The basic concepts behind positron research aren't difficult
to understand, but they do require some background information.
--So where do I find a positron? What's this positronium
stuff I've been hearing about?
The positron is the antiparticle of the electron, meaning it
has the same mass but an opposite, positive charge. In the the
Standard Model of modern physics, every particle has an antiparticle
and the electron is no exception. Like the electron, positrons
are fundamental particles, meaning they cannot be broken into
smaller parts (as opposed to the proton, which is made of quarks).
Positrons are emitted by radioactive sources through beta-plus
decay, a process that converts a proton into a neutron and a positron.
We use the radioactive isotope sodium-22 because of its reasonable
cost, long half-life, and high rate of positron emission.
A positron in the presence of an electron will often form an
exotic atom called positronium (Ps). One way to visualize positronium
is to consider the orbital model for hydrogen, where an electron
travels around a much heavier proton. In contrast, Ps would consist
of an electron and the positron (a particle of equal mass), making
Ps about a thousand times less massive than hydrogen. While that
small relative mass is very interesting, the most exciting feature
of positronium is the fact that it can spontaneously explode.
Because positronium's constituent particles are antiparticles
of each other, Ps can self-annihilate, converting the mass of
the positron and electron into pure energy in the form of gamma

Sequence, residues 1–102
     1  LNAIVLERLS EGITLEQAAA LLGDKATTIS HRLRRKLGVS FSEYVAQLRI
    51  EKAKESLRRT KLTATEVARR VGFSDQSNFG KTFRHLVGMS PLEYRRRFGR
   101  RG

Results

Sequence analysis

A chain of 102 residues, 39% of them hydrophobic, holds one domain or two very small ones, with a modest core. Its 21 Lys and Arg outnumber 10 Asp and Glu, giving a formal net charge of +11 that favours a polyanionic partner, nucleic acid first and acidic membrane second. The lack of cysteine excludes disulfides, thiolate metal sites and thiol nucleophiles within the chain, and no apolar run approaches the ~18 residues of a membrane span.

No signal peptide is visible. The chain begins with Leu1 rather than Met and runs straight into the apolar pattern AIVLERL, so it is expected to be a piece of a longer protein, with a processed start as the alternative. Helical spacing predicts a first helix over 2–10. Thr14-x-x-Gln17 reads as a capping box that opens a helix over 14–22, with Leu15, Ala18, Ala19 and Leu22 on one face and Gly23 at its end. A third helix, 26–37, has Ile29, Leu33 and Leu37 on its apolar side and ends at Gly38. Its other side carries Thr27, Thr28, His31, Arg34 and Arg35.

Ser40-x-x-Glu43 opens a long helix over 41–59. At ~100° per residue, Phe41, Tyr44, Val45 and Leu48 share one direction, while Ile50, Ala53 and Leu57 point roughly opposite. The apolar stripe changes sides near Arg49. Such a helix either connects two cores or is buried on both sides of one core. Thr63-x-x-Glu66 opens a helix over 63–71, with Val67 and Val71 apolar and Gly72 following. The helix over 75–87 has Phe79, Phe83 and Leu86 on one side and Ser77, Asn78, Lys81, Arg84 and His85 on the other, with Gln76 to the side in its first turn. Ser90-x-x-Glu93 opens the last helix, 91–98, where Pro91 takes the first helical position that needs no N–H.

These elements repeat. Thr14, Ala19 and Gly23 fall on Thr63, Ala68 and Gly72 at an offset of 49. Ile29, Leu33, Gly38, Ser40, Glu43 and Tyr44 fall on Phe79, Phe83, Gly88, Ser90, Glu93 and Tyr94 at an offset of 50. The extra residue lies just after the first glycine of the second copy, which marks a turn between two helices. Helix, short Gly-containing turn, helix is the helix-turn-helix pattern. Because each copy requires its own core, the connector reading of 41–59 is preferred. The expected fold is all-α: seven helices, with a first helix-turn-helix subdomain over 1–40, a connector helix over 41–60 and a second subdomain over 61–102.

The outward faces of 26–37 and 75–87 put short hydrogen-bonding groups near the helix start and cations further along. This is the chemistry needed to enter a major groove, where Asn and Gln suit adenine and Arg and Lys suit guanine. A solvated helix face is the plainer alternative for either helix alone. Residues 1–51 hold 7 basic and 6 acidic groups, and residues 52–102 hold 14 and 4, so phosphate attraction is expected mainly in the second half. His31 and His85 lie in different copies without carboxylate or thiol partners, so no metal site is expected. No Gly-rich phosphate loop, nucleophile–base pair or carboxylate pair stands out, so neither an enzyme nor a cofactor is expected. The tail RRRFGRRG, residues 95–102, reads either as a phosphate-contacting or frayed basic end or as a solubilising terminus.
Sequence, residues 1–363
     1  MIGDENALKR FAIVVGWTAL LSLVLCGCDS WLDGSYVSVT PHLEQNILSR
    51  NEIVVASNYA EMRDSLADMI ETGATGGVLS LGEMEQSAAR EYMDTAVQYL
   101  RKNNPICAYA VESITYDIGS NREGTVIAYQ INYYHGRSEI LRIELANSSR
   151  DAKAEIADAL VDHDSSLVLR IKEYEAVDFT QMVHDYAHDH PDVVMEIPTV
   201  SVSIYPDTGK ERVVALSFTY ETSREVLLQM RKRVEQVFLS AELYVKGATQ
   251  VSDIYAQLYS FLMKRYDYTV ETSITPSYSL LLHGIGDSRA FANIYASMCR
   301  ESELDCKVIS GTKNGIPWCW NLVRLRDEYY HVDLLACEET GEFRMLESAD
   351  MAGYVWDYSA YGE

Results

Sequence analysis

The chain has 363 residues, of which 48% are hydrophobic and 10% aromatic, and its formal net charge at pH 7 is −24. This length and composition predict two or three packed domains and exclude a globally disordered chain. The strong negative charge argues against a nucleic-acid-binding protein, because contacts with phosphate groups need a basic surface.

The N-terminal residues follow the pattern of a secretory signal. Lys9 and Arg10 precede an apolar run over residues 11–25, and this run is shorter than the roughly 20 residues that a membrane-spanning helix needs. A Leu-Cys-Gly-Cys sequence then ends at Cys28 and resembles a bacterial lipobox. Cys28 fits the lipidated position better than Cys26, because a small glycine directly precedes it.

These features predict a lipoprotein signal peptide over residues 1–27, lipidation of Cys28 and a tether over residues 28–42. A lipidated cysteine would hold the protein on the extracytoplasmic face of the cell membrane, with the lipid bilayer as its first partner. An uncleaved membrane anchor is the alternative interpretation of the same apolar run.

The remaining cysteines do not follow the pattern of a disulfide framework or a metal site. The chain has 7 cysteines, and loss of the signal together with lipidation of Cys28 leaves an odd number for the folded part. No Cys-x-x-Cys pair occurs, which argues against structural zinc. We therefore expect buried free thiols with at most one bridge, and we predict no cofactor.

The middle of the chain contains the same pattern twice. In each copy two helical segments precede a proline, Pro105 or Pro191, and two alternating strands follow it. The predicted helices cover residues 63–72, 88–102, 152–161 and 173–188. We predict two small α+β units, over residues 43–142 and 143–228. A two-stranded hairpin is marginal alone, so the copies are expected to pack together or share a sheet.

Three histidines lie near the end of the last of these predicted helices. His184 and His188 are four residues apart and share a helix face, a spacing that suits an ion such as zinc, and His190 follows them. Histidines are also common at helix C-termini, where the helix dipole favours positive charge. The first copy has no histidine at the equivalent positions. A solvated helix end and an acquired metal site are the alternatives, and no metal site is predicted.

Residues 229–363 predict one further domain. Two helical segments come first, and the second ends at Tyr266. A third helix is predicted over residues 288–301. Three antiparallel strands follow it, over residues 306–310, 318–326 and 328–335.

rays. This self-annihilation feature of Ps means it is extremely
short-lived, with an average lifetime on the order of nanoseconds
(billionths of a second). As an interesting note, if you had one
milligram of Ps, the energy released from its annihilation would
be equal to 25 kilotons of dynamite!
--Wow, positronium sounds really cool! Why is it important
As far as we are concerned, positronium is great for two things.
First, its small mass and simple structure means it interacts
with other gases in a unique way. The scattering of Ps with even
the lightest gas atoms is comparable to a ping-pong ball bouncing
off of bowling balls. This difference in mass means Ps doesn't
lose much energy from each collision and thus takes a long time
to come to equilibrium with the gas (for a demonstration of Ps
scattering in gases, check out this java
applet). For these and other reasons, theoretical physicists
like positronium as a tool to model atomic interactions and test
Unfortunately, there is widespread disagreement between current
theoretical models and the experimental results. The first step
towards resolving this conflict is to obtain reliable and extensive
measurements on Ps scattering for the physics community. Our interest,
then, is to construct an apparatus that will provide such precise
A second application of Ps is rooted in materials science and
a technique known as PALS (Positron Annihilation Lifetime Spectroscopy).
The concept revolves around detecting premature annihilations
when positrons are "picked off" by free electrons from
an enclosing surface. As an example, imagine two Ps atoms trapped